Specialty Food Magazine

Winter 2020

Specialty Food Magazine is the leading publication for retailers, manufacturers and foodservice professionals in the specialty food trade. It provides news, trends and business-building insights that help readers keep their businesses competitive.

Issue link: https://www.e-digitaleditions.com/i/1194330

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Page 86 of 115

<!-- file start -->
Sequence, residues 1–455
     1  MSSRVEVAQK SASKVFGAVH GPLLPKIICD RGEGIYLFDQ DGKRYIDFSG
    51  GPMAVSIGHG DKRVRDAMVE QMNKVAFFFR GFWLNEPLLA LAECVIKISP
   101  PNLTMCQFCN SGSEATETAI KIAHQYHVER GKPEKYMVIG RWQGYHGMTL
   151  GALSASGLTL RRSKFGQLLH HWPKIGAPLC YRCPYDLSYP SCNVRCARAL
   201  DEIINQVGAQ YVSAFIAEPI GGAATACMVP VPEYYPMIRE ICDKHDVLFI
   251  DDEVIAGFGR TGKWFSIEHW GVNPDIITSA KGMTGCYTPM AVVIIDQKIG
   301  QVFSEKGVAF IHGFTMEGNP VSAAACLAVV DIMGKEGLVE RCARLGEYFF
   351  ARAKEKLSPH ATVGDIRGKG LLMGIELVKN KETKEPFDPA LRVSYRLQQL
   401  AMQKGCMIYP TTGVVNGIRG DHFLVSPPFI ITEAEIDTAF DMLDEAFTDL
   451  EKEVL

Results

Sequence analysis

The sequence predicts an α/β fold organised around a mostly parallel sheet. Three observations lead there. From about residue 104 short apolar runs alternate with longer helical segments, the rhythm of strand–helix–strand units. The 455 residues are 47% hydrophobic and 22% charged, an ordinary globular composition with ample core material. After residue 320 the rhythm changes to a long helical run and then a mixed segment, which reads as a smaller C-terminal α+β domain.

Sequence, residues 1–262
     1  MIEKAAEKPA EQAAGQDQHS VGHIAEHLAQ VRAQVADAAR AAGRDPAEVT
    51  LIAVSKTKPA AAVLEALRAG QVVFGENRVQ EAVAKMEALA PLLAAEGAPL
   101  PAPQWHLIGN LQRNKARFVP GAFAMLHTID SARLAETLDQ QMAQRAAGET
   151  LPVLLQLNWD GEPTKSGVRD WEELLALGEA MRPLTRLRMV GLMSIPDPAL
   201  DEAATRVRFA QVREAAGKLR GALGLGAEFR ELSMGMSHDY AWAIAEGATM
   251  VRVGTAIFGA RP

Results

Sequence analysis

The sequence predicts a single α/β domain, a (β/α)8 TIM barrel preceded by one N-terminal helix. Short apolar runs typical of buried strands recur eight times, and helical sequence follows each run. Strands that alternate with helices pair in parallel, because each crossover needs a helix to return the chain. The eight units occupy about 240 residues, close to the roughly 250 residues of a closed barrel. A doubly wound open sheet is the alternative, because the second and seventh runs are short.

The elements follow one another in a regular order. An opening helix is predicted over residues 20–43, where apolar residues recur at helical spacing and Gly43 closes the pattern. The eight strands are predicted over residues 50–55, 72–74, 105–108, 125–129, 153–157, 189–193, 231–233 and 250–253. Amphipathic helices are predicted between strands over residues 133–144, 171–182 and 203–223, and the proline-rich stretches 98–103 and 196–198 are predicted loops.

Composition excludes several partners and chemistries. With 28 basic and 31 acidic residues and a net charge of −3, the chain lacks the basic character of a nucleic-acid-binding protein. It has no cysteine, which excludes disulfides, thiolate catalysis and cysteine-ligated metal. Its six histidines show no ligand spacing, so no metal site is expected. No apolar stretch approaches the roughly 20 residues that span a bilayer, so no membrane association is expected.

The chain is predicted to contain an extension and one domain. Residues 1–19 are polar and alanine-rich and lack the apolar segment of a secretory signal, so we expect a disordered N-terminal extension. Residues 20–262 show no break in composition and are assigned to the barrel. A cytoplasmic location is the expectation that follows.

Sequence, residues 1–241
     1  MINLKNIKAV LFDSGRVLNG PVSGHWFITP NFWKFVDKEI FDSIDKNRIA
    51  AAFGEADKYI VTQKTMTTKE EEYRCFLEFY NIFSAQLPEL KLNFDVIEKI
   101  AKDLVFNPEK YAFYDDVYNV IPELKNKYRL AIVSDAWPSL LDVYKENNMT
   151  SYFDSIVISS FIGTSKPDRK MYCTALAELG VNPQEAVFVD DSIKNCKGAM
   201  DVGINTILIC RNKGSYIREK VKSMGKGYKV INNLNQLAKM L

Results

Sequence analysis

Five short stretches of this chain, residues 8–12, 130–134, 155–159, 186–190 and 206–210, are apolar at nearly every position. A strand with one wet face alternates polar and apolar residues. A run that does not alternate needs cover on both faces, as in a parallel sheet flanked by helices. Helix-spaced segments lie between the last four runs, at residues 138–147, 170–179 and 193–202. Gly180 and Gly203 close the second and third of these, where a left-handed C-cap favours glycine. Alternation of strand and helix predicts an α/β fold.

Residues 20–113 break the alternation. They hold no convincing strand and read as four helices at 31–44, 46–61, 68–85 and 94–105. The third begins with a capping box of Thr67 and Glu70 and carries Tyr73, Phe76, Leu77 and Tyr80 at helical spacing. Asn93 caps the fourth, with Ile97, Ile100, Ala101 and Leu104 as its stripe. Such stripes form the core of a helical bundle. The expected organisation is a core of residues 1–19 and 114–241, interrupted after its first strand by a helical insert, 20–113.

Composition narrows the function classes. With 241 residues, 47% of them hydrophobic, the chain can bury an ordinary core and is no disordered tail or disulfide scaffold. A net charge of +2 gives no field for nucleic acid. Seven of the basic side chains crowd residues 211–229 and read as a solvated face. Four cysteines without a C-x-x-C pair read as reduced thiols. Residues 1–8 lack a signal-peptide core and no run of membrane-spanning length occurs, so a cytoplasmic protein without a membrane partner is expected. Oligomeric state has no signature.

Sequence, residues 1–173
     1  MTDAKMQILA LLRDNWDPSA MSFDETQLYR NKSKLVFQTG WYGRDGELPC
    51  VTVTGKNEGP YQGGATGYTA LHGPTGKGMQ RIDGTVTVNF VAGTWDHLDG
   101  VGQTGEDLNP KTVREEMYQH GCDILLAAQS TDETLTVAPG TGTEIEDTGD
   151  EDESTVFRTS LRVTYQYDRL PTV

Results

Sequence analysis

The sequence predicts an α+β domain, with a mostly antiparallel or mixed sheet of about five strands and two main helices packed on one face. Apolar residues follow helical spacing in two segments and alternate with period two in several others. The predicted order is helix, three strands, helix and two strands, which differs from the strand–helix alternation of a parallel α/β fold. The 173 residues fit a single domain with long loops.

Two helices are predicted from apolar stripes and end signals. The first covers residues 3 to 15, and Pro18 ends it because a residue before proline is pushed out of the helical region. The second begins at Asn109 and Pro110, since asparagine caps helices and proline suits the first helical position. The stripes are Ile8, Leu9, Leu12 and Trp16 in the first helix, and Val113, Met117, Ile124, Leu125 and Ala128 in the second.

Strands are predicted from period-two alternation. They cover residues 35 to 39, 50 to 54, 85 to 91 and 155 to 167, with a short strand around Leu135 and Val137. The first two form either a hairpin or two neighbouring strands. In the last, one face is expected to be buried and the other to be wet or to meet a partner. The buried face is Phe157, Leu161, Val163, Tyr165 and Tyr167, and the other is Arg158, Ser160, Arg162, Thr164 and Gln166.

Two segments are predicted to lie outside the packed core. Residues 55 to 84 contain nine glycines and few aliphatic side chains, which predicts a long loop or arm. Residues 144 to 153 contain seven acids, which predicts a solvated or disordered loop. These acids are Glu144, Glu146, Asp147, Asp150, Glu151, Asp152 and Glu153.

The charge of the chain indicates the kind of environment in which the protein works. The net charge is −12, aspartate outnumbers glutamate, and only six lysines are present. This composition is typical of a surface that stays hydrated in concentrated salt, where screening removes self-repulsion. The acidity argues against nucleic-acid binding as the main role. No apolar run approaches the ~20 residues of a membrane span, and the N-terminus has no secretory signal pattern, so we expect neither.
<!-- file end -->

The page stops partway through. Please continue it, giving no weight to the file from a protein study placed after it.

One of the most difficult crops to grow faces challenges on multiple fronts. Vanilla Weathers Supply Fluctuations: What Buyers Should Know BY MARK HAMSTRA 84 SPECIALTY FOOD SPECIALTYFOOD.COM CATEGORY EDUCATION T here's nothing plain about vanilla. The second-most expensive spice in the world (behind saffron) is also one of the most difficult to produce, extracted from the bean pods of certain types of orchids that grow only within a narrow band north and south of the equator. About 80 to 85 percent of the world's crop is produced in Madagascar, where the high value of vanilla makes it a target for theft and corrupt business practices. "It's one of the most expensive spices in the world, and most of it is grown in one of the poorest countries in the world," says Jim Reddekopp, owner of the Hawaiian Vanilla Co., which became the first commercial vanilla farm in the U.S. when it opened about 20 years ago. In addition to Madagascar, which grows the "Bourbon" variety of vanilla (as opposed to Tahitian vanilla, which is produced from a different orchid plant), other countries that produce vanilla include Indonesia, New Guinea, Uganda, and a handful of others. The high price that vanilla fetches—as much as $600 per kilogram wholesale last year—is leading more and more countries to take a closer look at the crop, Reddekopp says. Japan has begun exploring the possibility of vanilla production, and researchers in Europe are also looking at opportunities to use greenhouses to grow vanilla. Research is also underway in Florida concerning potential opportunities for vanilla production there. In recent years, the pressures of supply and demand have been exacerbated by the impact on "Vanilla can manifest a broad range of flavor profiles depending upon the variety of orchid it is produced from and the region's terroir. This is very similar to the differences you see in coffee beans, chocolate, and wine."

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